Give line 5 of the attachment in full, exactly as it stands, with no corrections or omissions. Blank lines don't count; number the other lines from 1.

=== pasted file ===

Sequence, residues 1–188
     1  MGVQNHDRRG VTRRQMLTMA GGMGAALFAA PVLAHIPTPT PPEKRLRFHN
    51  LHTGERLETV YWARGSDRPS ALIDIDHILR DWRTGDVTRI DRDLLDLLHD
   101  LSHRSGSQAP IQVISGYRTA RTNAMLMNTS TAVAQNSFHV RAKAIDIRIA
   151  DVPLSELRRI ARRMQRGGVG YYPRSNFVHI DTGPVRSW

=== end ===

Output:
   151  DVPLSELRRI ARRMQRGGVG YYPRSNFVHI DTGPVRSW